While summer does not technically begin until June 21, the Memorial Day weekend begins the unofficial start of summer. With the easing of COVID-19 restrictions, it also means that many people are looking forward to resuming their traditional summer traveling plans. As travel increases, it is time to remind ourselves and our loved ones to follow the rules of the road.

In 2020, law enforcement saw an increase in bad driving habits even though fewer people were traveling. Unfortunately, those bad driving habits seem to have carried over into 2021. The statistics are alarming: in 2019, the Minnesota State Patrol issued 533 citations to drivers for speeds exceeding 100 mph. In 2020, the number of citations issued by the State Patrol to drivers with recorded speed-readings of over 100 mph doubled to 1,068. As of May 20, 2021, the Minnesota State Patrol has already issued 382 citations for driving over 100 mph.

The number of deaths attributed to speed-related crashes has also increased, from 75 deaths in 2019 to 120 deaths in 2020*. Almost half of the deaths in 2020 (50*) occurred during the timeframe of Memorial Day through Labor Day. The preliminary numbers for 2021 are equally grim – 45 deaths through April 30 were attributed to speed-related crashes.

Some may see the statistics and still conclude that speeding is not a big deal. Individuals are annoyed when pulled over for speeding. However, the higher the speed, the greater the risk to both the driver and others around the driver. With increased speed, the driver experiences a greater risk of losing control of the vehicle, and decreased response time. In other words, a speeding driver has less response time available to avoid a crash. When a driver crashes while traveling at a high rate of speed, the severity of crash injuries and risk of death also increases.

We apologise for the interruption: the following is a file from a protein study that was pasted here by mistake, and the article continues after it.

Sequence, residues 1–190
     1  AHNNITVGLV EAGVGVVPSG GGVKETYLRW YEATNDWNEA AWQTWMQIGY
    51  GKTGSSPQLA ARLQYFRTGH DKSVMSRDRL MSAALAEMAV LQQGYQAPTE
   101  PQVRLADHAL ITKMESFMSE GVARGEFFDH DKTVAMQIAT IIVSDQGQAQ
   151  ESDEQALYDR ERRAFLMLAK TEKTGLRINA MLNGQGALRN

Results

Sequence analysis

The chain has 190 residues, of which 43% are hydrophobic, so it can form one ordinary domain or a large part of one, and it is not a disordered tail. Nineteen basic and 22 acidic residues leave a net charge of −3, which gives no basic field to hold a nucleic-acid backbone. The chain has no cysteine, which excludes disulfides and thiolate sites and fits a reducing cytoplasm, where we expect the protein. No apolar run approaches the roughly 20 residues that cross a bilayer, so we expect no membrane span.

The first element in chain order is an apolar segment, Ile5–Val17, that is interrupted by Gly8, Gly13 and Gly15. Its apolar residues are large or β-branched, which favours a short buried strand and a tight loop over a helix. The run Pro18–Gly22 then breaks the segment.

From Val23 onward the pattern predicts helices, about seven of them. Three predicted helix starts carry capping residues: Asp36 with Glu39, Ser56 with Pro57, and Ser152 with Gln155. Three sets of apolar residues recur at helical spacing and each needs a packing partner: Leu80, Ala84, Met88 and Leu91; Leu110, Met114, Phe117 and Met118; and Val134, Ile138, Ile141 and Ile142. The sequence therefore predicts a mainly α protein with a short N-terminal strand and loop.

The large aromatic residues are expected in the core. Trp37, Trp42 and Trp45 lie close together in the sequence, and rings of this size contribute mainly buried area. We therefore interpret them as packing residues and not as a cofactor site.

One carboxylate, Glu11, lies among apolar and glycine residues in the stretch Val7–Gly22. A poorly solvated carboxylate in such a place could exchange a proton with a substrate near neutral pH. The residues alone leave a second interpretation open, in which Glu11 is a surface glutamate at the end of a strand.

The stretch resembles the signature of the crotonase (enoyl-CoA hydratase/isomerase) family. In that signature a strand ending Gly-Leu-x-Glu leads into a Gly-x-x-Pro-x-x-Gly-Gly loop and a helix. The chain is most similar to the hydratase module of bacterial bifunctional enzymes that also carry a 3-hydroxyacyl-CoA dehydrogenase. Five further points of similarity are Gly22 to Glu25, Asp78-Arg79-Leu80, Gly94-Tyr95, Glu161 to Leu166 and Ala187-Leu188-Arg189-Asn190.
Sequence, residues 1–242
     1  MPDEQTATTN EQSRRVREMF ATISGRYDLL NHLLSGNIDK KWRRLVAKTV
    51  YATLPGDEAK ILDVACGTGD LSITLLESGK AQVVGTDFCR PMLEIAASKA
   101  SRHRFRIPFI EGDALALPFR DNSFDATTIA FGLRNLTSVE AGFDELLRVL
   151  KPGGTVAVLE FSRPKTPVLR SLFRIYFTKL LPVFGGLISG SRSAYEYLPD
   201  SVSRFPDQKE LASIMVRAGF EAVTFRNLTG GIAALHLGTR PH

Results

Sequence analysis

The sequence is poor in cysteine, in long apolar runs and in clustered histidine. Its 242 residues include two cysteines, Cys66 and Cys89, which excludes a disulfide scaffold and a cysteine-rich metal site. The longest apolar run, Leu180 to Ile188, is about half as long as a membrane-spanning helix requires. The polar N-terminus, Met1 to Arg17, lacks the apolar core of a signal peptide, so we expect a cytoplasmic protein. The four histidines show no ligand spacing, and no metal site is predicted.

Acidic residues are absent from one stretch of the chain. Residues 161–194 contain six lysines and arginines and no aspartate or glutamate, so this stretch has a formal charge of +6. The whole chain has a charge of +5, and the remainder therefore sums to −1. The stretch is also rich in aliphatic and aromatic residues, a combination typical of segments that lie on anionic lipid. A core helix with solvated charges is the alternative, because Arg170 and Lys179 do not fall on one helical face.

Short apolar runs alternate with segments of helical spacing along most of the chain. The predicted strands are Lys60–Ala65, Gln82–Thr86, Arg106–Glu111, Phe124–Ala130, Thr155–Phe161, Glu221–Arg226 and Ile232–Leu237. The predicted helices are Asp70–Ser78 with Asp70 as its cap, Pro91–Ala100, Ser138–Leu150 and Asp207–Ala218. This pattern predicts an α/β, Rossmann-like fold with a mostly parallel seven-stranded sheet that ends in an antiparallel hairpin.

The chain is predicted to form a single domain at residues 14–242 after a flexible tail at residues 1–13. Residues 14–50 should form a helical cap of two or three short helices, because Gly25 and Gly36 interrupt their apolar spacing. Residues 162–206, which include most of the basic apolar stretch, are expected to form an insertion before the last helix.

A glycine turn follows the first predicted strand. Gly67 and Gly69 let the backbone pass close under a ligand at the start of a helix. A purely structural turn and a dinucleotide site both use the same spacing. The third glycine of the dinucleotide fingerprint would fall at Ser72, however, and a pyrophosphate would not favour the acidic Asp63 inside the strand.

Lives are lost due to excessive speeds on our roads. The financial costs are also high when drivers choose to speed. The cost of a speeding ticket varies from $40 (plus court surcharges that vary by county) for traveling up to 10 mph over the speed limit, to $150 (plus a $150 speeding surcharge and court surcharges) for traveling over 31 mph over the speed limit. A driver who is convicted of traveling over 100 mph also may experience a 6-month loss of driver’s license.

Memorial Day to Labor Day are the 100 most traveled days in Minnesota. They are also the 100 deadliest days on Minnesota roadways, as over one-third of deaths on Minnesota roadwayshappen during this timeframe each year. It is time to enjoy a Minnesota summer and the lifting of COVID-19 restrictions. Please slow down and follow the rules of the road.

Michelle Zehnder Fischer is the Nicollet County attorney. Bonnie Petersen is the Nicollet County victim and witness coordinator.

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